The meaning of “lawful” was previously tackled by the Superior Court in Branton v. Nicholas Meat, LLC, 159 A.3d 540 (Pa. Super. 2017). In Branton, a slaughterhouse farm was sued for the raucous smells that emitted from the farm. The slaughterhouse had also been cited several times by the Pennsylvania Department of Environmental Protection for violations of state and federal law as well as local regulations. The defendants in Branton argued that they were shielded from Plaintiff’s nuisance claim by the Statute of Repose contained in the Pennsylvania Right to Farm Act, which prohibited nuisance actions “against an agricultural operation which has lawfully been in operation for one year or more prior to the date of bringing such action.” 3 P.S. §951-957. The Superior Court agreed with the defendant slaughterhouse and found that as it was in substantial compliance with the law and had made every reasonable effort to comply with the law, it was protected by the Statute of Repose. Thus, the nuisance claims brought by the neighboring property were barred.
In a more recent case, the Superior Court delved into this issue in the context of a construction claim. In Evangelical Lutheran Church of the Atonement at Wyomissing, PA. v. Horst Constr., 602 MDA 2020 (Pa. Super., March 21, 2021), the Superior Court was asked to determine whether a builders’ work on a new wing of a church was lawful despite water filtration problems arising out of alleged violations of the building codes and local ordinances. The Superior Court ruled that because the jurisdiction responsible for overseeing the project issued a Certificate of Occupancy that “constituted evidence of record to indicate that the builders performed the construction lawfully.”
In Johnson, Toll Brothers was issued a Certificate of Completion from the applicable jurisdictional body and argued that it operated within the bounds of all codes and ordinances in the construction of the residence. The Superior Court agreed with Toll Brothers and rejected the Johnsons’ argument that Toll Brothers acted unlawfully in the construction of the property.
Did the Claim Fall Within an Exception to the Statute of Repose?
With regard to the Statute of Repose, the Johnsons argued that even if the Statute of Repose applied here, their claim qualified for a two-year extension for the filing of their claim. Although the Statute of Repose requires that a construction defect claim be filed within 12 years of the completion of construction, it also provides for a two-year extension if “an injury or wrongful death shall occur more than ten and within twelve years after completion of the improvement.” 42 Pa. C.S.§5536(b)(1). The injuries sustained may be either to persons or property as a result of a construction defect.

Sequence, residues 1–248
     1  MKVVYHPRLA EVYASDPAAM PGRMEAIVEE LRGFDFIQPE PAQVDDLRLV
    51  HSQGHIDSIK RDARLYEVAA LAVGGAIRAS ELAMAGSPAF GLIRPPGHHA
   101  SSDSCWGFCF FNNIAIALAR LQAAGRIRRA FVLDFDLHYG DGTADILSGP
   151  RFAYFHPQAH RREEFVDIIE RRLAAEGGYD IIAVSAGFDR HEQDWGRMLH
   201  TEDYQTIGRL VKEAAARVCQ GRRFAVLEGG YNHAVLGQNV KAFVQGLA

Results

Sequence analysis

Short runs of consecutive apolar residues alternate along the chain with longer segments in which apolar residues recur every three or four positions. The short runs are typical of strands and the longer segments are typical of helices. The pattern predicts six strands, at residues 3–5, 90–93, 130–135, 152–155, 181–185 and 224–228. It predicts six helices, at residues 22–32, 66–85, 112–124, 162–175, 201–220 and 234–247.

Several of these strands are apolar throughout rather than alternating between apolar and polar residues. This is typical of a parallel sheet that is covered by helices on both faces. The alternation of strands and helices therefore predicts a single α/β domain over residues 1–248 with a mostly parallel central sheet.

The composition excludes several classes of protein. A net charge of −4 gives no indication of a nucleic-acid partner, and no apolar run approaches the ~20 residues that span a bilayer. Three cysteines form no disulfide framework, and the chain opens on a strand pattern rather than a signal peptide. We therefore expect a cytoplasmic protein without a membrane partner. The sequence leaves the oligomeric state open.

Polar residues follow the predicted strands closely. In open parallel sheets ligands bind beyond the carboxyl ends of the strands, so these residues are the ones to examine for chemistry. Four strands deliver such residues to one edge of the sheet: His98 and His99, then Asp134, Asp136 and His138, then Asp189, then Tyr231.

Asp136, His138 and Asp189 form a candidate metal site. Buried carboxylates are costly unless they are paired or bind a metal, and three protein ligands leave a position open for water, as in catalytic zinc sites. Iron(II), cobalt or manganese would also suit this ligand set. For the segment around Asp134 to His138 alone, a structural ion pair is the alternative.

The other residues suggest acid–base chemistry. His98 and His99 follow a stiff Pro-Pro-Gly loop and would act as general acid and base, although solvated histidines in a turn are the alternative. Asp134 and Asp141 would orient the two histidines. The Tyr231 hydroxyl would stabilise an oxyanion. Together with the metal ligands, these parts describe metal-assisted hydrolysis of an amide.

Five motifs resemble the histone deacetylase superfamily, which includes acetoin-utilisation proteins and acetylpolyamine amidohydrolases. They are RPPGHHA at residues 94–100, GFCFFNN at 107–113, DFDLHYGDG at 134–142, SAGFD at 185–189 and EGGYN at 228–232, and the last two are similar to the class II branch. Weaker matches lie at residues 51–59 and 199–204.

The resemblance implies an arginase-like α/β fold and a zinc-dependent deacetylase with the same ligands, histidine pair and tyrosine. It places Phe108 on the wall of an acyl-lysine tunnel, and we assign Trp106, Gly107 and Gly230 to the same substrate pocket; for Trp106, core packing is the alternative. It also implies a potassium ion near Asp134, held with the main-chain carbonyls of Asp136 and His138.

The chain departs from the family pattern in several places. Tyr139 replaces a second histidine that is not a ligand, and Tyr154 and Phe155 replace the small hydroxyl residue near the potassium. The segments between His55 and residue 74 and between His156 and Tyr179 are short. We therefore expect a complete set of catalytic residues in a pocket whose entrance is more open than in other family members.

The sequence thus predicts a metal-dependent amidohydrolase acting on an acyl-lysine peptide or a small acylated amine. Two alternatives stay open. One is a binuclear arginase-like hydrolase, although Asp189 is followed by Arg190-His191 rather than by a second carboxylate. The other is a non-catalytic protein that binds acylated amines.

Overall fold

The Johnsons assert that the alleged design and construction defects were effectively a continuing injury that became increasingly worse over the years and therefore, qualified for the exception to the statute of repose time limit to bring a claim. Although lacking a plethora of case law to support their argument, the Johnsons relied on Kowalski v. TOA PA V, L.P., 206 A.3d 1148 (Pa. Super. 2019) which held that, “[w]hen there are continuing or repeated wrongs that are capable of being terminated, a claim accrues every day the wrong continues or is repeated, the result being that the plaintiff only barred from recovering those damages that were ascertainable prior to the statutory period.” Kowalski, 206 A.3d at 1168. The Superior Court found Kowalski unpersuasive and commented that in Kowalski, the injuries resulted from multiple trespassing occurrences, whereas here, the injuries resulted from a single act. The Superior Court also found that the Kowalski decision did not address the Statute of Repose.
Generally, the Statute of Repose limits liability for builders if the claims are filed more than 12 years after the date of completion. The Superior Court in Johnson held that the definition of injuries was intended to mean those “that first arise from a defect in the tenth, eleventh, or twelfth year after the construction of a structure is completed.”
The Superior Court also held that, if adopted, Johnsons’ “liberal interpretation” of the term “injuries” in the statute would undermine the intent of the Legislature and would open the floodgates for exceptions to the Statute of Repose and claims potentially arising from application of the two-year exception. Thus, the Superior Court concluded that “it is clear that the injury contemplated in the exception in part (b) was meant to be one that shall occur or arise for the first time no earlier than the tenth year of the filing period. It was not meant to refer to a recurring or continuous injury that began years prior to that three-year range.” Due to the fact that the Johnsons’ alleged injury began at least several years before the tenth year, the Superior Court affirmed the trial court’s granting of summary judgment in favor of Toll Brothers.
The Superior Court’s decision in Johnson is important for builders (and their insurers) in that it provides a level of certainty relative to the temporal limitations imposed by the Statute of Repose. Further, the decision rejected a potential “end run” around the Statute of Repose which would have been based on assertions of alleged violations of older building codes which, at the time, constituted the standards against which the builders’ actions were to be measured. This level of certainty cannot be underestimated in a field such as home construction where the commodity being sold is one which is intended to last for a considerable time and which, over time, may require repair.